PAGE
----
(Kruuk et al. 2000), evolutionary stasis (Merila ¨ et al.
2001; Kruuk et al. 2002), sexual selection and coloration
(Hadfield & Owens 2006; Hadfield et al. 2006, 2007),
condition dependence (Gleeson et al. 2005), parental care
(MacColl & Hatchwell 2003), the genetic consequences
of harvesting (Coltman et al. 2003) and the evolutionary
response to climate change (Brommer et al. 2005).
Such widespread interest in the animal model approach
has, however, led to the realization that the need for a
known pedigree is itself a limitation. It is no coincidence
that most studies to date using the animal model concern
populations that have been the subject of long-term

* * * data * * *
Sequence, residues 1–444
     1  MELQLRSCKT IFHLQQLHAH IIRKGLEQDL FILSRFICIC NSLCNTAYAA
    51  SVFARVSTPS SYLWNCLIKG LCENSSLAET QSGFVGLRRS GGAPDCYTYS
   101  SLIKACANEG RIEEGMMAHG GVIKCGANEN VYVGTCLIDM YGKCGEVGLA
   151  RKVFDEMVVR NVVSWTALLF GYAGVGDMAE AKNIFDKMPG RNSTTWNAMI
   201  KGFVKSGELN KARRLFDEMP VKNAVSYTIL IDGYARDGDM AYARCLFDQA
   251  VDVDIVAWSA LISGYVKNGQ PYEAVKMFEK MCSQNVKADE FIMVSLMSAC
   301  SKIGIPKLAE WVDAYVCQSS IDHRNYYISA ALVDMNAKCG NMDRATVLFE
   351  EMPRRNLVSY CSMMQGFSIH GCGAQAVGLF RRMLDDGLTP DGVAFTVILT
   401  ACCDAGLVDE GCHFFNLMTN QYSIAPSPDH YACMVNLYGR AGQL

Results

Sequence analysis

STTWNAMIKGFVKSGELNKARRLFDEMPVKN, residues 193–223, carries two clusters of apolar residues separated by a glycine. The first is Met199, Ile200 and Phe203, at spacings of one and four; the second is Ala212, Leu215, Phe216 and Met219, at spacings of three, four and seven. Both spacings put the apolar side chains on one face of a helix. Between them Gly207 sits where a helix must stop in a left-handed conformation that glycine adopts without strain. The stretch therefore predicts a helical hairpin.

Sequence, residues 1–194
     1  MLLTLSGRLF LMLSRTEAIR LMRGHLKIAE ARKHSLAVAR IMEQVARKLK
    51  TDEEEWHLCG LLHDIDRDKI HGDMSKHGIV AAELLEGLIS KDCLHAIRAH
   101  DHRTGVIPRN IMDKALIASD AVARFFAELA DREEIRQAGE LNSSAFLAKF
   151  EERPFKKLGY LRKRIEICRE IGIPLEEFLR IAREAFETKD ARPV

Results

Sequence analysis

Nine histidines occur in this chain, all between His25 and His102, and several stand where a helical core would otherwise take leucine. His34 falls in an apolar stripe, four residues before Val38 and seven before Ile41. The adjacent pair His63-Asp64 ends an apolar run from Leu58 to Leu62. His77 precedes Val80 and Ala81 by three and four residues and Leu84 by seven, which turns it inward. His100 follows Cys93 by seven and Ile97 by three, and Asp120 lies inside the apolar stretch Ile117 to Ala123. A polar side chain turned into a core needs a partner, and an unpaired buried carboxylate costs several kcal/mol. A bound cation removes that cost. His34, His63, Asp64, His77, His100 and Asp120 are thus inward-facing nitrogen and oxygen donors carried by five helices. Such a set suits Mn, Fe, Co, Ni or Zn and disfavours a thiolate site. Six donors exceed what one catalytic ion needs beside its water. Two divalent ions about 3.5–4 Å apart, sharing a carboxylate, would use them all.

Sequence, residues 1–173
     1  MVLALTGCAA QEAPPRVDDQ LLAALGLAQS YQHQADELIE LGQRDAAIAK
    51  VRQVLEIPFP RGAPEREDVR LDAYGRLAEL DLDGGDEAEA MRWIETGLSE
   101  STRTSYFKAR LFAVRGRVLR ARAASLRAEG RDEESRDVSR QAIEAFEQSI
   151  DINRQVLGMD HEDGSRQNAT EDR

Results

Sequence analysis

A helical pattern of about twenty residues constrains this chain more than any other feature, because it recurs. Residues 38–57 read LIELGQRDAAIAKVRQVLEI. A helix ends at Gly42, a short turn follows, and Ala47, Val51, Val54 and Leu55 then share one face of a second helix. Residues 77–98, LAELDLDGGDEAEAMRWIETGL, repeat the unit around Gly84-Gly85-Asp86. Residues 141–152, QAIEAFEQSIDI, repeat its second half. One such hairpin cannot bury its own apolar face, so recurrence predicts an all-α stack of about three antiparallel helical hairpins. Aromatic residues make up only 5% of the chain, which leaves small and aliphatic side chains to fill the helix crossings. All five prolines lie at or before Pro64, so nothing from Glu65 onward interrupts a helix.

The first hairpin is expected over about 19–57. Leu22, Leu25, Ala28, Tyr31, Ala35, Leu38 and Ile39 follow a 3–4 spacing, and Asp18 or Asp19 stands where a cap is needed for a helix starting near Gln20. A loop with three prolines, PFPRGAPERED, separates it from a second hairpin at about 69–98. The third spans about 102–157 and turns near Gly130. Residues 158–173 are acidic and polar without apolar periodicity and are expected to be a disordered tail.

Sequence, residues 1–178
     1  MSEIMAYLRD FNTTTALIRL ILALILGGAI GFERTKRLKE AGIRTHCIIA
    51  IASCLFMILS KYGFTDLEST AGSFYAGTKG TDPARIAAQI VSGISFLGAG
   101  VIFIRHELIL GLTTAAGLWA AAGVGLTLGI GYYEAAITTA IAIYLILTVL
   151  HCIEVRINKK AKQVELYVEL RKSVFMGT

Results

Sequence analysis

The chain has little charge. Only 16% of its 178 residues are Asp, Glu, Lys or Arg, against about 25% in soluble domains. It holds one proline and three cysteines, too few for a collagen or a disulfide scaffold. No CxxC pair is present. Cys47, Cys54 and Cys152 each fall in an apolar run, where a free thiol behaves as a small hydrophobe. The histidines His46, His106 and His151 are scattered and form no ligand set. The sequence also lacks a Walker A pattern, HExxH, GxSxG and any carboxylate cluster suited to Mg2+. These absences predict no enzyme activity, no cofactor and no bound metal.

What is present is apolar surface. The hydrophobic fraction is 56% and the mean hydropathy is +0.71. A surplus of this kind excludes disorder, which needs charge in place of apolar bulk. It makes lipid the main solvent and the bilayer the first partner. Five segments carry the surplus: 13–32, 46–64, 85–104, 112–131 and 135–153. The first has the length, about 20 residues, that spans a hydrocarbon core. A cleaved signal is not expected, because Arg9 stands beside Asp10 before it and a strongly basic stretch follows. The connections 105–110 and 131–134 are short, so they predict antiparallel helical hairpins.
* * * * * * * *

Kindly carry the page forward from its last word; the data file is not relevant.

projects (Kruuk et al. 2000, 2001, 2002; Merila ¨ &
Sheldon 2000; Merila ¨ et al. 2001; Coltman et al. 2003;
Garant et al. 2004, 2005; McCleery et al. 2004;
Charmantier et al. 2006a,b). The need for long-term
information on individual patterns of mating and repro-
duction limits the range and type of populations where an
animal model can be used. One way potentially to
overcome this limitation is to use molecular marker data
Proc. R. Soc. B (2008) 275, 639–647
Published online 23 January 2008
Electronic supplementary material is available at http://dx.doi.org/10.
1098/rspb.2007.1032 or via http://journals.royalsociety.org.
One contribution of 18 to a Special Issue ‘Evolutionary dynamics of
*Author and address for correspondence: Division of Biology,
Imperial College London, Silwood Park, Ascot, Berkshire SL5 7PY,
Received 28 August 2007
Accepted 17 October 2007
This journal is q 2008 The Royal Society
to estimate the genetic relationships among individuals in
a population and then use the resulting relatedness matrix,
instead of a known pedigree, to construct the animal
model (Lynch & Walsh 1998; Garant & Kruuk 2005;